However, you should note that event managers must start a career as an event planner to understand every inch of the industry.
Nonprofit Executive Director
The Nonprofit Executive Director wears many hats, and to be effective, this person must wear them all equally well. In essence, this highly regarded position supervises other leaders at an organization, works directly with the board of directors, and ultimately shapes the organization’s future by steering your team in the right direction. However, those with a doctorate are frequently considered for this position.
Nonprofit executive directors bear enormous responsibility, leaving no room for error. Instead, your team must go above and beyond to fully comprehend the executive director’s authority and do everything possible to support their work.
Executive Director Responsibilities:
- Revenue and expenditure reporting
- Participating in community groups.
- Developing solid business plans
- Creating and implementing organizational strategy.
- Making policies and philosophies for the organization.
- Supervising day-to-day business operations.
- Conducting performance appraisals
- Preparing detailed budgets.
- Department heads are being mentored.
- Keeping track of financial accounts.
The average US salary for a Nonprofit Executive Director is $78,700, with a salary range of $65,968 to $130,000.
Social Media Manager
The increased digital exposure for businesses, particularly when managing social media channels, has primarily driven the need for more public relations professionals. As companies seek to engage their customers through these digital channels, the demand for social media specialists is increasing. Public relations students have classes about social media and how to manage a company’s image, and this is why many PR students choose this career path.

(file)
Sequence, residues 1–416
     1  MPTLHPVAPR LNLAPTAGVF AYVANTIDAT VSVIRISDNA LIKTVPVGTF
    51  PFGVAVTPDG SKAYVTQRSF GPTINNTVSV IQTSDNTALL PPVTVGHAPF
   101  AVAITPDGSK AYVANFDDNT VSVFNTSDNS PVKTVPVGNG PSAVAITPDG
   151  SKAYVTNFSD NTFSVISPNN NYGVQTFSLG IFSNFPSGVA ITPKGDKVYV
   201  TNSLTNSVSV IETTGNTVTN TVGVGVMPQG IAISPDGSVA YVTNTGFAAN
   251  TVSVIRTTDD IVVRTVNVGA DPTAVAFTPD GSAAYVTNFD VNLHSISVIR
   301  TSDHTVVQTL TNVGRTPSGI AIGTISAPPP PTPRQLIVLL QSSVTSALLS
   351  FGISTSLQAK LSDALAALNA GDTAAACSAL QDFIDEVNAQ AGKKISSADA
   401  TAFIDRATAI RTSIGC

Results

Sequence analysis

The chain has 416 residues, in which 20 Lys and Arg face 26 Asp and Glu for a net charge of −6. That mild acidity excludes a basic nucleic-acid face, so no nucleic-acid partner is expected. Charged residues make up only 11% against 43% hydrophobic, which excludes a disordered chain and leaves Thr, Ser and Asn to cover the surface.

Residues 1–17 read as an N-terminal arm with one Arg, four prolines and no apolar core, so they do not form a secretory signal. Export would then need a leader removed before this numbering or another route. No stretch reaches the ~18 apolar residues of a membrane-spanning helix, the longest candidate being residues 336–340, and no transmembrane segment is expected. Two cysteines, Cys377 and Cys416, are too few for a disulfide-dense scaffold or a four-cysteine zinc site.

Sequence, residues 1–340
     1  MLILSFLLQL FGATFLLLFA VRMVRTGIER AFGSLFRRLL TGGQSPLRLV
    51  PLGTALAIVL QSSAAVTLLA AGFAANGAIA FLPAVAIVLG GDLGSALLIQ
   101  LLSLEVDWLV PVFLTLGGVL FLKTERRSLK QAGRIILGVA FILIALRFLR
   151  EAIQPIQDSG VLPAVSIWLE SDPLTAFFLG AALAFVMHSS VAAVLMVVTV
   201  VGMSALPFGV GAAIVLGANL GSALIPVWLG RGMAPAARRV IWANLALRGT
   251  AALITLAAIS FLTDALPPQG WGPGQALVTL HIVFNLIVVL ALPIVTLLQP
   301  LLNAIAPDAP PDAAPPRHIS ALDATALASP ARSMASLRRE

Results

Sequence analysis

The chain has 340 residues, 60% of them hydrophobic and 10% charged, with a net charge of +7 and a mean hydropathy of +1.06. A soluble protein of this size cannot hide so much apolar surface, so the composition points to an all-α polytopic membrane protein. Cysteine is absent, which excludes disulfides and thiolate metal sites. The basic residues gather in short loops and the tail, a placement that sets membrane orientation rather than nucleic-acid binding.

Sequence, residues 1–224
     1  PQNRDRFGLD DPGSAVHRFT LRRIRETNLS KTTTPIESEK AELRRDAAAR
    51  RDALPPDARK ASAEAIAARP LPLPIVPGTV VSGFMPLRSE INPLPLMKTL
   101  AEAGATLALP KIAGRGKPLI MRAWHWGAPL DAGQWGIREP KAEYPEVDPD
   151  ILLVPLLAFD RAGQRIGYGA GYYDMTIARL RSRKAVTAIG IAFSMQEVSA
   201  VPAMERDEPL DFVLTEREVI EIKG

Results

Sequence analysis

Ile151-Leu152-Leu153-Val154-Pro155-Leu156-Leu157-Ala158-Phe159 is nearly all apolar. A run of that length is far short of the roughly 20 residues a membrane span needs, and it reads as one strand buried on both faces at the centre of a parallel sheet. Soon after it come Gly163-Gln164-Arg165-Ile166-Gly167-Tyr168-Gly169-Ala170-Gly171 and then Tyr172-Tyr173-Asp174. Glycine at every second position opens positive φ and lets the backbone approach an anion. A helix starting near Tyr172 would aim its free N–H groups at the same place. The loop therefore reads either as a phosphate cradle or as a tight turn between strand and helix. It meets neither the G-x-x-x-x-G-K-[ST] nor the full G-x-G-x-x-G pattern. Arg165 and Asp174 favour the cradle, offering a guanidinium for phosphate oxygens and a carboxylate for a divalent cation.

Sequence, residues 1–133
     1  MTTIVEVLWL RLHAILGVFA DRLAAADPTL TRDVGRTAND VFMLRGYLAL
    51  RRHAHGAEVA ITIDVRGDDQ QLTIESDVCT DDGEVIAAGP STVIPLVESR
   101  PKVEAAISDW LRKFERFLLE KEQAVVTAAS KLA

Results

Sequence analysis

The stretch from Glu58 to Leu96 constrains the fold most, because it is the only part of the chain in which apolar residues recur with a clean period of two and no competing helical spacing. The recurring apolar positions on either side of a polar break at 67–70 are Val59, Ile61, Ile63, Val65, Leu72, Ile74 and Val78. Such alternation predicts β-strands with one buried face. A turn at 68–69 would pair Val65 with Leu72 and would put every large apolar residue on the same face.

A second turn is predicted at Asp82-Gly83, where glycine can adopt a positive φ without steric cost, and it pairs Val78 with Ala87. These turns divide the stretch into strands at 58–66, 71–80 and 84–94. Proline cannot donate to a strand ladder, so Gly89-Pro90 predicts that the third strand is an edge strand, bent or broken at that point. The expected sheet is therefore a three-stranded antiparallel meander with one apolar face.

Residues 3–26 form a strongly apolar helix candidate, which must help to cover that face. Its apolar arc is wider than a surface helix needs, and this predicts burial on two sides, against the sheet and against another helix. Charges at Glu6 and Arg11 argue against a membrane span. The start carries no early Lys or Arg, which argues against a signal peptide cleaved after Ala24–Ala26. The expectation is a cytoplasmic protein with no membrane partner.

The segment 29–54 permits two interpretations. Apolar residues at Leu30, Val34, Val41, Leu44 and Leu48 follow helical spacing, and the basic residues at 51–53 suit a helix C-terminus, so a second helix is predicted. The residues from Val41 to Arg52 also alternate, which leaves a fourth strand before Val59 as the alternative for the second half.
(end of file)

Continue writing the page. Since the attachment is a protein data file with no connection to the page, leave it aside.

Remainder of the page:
A social media manager manages an organization’s online presence by creating a strategy, analyzing usage data, facilitating customer service, creating quality content, and managing projects and campaigns.
Social media management, also known as social media coordination, can play a distinct role in larger organizations. The role may be combined with other marketing and communications responsibilities in small and medium-sized businesses. The term “social media account manager” is frequently used in advertising agencies.
The Social Media Manager’s job is to increase brand awareness through the effective use of social media outlets. Here are the tasks assigned to a social media manager:
- Create and maintain the company’s brand through the use of social media marketing tools.
- Create social media marketing campaigns with marketing professionals.
- Use the company’s social media accounts to interact with customers and other stakeholders.
- Analyze the company’s digital marketing strategy and social media strategy, identify strategic flaws, and make recommendations for improvement.
- Investigate social media trends and inform management of changes that affect the company’s marketing efforts.
- Set key performance indicators (KPIs) for social media campaigns, such as a target number of shares or likes, and measure campaign performance against the KPIs.